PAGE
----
dependent on the degree of finality associated with the exclusion experience. Socially functional reactions that
facilitate inclusion tend to occur when exclusion is less final and, therefore, excluded targets likely believe they
have the ability to restore or gain inclusion. In contrast, socially dysfunctional reactions that are inherently more
aggressive are likely to follow more final exclusion experiences where the target’s ability to restore or regain
inclusion is absent.

Antecedents of Social Exclusion

Whereas being excluded from a group impedes an employee’s ability to thrive and prosper, we argue that for work
groups to function successfully and attain important group outcomes depends on the members’ ability to work
interdependently via joint production. Consequently, groups also depend on their members in order to survive
(Hirshleifer & Rasmusen, 1998; Levine, Moreland & Hausmann, 2005). This makes the decision to exclude a
member a consequential one for work groups. What motivates groups to mobilize exclusion efforts? To our
knowledge, there is virtually no research on the antecedents of social exclusion in work groups (see Scott,
Restubog, & Zagenczyk, forthcoming for an exception).

We assume that group members make both negative and positive contributions to groups. Most groups are
accountable for the solutions to the problems they face in joint production which, in turn, evolve into group norms
(Bettenhausen & Murnighan, 1991; Coleman, 1990). Norms are shared expectations of what is and is not
acceptable in terms of displayed emotions, attitudes, and behaviors within the group. Compliance with these norms
can be thought of as collectively beneficial for joint production (Ullman-Margalit, 1977) because this helps the
group to adapt to the environment and compete efficiently with other groups. Consequently, we define negative
contributions as the group-specific emotions, attitudes, and behaviors that impede joint production. What exactly
groups will define as negative contributions to joint production will vary somewhat from group to group, but a
cursory review of the literature suggests that group members who display negative affect, free-ride, do not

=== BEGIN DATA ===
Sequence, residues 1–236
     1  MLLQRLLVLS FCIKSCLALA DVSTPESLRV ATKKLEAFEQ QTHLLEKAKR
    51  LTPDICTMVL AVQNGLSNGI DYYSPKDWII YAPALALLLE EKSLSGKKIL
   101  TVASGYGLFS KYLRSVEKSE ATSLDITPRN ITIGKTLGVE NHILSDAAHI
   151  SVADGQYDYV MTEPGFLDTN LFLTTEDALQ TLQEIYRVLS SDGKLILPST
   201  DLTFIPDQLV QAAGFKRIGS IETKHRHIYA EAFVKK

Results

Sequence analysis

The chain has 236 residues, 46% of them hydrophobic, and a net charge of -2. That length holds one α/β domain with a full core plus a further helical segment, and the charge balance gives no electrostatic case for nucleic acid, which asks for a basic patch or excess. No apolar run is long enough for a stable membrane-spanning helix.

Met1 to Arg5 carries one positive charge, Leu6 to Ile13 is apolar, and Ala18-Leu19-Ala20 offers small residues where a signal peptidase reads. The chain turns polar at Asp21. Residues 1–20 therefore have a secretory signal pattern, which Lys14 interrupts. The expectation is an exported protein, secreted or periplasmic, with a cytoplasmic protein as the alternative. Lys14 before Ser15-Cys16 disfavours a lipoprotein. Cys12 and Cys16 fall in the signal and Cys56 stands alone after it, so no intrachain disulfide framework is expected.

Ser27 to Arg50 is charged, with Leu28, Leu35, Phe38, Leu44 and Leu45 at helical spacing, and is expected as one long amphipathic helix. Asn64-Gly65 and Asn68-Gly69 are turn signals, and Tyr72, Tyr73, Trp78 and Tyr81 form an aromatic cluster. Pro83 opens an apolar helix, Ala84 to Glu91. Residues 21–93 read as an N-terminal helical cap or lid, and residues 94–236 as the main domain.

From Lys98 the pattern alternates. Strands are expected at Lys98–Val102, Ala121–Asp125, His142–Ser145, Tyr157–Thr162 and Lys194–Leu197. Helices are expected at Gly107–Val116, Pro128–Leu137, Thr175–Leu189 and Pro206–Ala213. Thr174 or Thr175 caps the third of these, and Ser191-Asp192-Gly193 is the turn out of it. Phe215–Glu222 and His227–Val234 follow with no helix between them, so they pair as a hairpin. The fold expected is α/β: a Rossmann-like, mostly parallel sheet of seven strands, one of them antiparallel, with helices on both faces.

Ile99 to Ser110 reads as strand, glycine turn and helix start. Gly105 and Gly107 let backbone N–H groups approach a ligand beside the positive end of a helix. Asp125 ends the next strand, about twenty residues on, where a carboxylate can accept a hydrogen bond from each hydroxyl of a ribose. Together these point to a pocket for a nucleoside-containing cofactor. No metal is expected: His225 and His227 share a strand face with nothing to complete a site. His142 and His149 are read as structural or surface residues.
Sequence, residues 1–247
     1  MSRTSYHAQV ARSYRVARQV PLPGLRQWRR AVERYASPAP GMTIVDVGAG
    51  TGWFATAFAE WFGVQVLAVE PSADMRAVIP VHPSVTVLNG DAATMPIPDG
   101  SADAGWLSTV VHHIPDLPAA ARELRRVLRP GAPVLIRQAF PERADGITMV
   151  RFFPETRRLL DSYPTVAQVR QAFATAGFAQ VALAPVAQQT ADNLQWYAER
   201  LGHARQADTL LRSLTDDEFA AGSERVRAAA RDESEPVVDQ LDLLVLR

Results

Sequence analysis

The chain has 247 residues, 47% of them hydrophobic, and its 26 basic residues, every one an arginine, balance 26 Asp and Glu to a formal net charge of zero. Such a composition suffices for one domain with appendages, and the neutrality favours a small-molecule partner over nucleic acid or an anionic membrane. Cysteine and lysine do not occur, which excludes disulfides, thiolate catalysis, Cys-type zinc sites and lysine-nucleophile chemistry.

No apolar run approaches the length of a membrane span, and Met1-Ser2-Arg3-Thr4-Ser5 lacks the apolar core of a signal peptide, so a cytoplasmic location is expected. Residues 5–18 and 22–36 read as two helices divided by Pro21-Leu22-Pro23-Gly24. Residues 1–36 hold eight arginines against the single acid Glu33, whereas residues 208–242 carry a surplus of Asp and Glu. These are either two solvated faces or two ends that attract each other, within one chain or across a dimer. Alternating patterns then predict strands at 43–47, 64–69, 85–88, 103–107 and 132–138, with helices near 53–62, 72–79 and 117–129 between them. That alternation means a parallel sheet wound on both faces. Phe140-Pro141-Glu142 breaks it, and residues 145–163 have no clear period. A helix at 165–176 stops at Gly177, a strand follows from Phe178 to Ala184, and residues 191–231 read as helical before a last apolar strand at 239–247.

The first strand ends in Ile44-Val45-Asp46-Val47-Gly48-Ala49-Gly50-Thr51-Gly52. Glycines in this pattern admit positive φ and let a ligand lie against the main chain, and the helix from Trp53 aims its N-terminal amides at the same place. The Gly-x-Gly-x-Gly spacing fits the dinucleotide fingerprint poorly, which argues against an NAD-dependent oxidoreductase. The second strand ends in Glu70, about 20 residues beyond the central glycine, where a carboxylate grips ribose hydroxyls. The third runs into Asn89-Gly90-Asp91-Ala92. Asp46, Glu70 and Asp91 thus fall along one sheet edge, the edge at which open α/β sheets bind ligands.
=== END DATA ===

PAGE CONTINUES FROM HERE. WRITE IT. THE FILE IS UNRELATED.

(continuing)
reciprocate help, choose to harm others, or are poor task performers put themselves at risk of exclusion because
these are examples of emotions, attitudes, and behaviors that most groups consider as undesirable (c.f., Kurzban
& Leary, 2001). Positive contributions, however, are defined as group-specific emotion displays, attitudes, and
behaviors that comply or exceed expectations for what is supportive of joint production. Again, there will be
variation from group to group in what they define as acceptable standards, but we assume that group members
who display positive affect, offer valuable information or insight, reciprocate (p. 70) help, and are good task
performers—among other things—are those who minimize their risk of exclusion.

When a member’s negative contributions exceed their positive contributions, they hinder rather than help the work

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group’s ability to adapt to the demands of their environment, and to compete efficiently with other groups (Allen &
Badcock, 2003; Pillutla & Thau, 2009). Consequently, according to our model, we predict that group members will
mobilize exclusionary efforts towards an individual when they believe that the target’s net contributions to the
group are negative and unsatisfactory. A study with two samples of coworker dyads found that workers who were
rated as rude and discourteous (i.e., a social burden) by the focal employee were more likely to become targets of
exclusion (as rated by the target employee) (Scott et al., 2011a). These researchers also found that the social
burden-exclusion relationship was mediated by perceptions of distrust but this mediated effect was weakened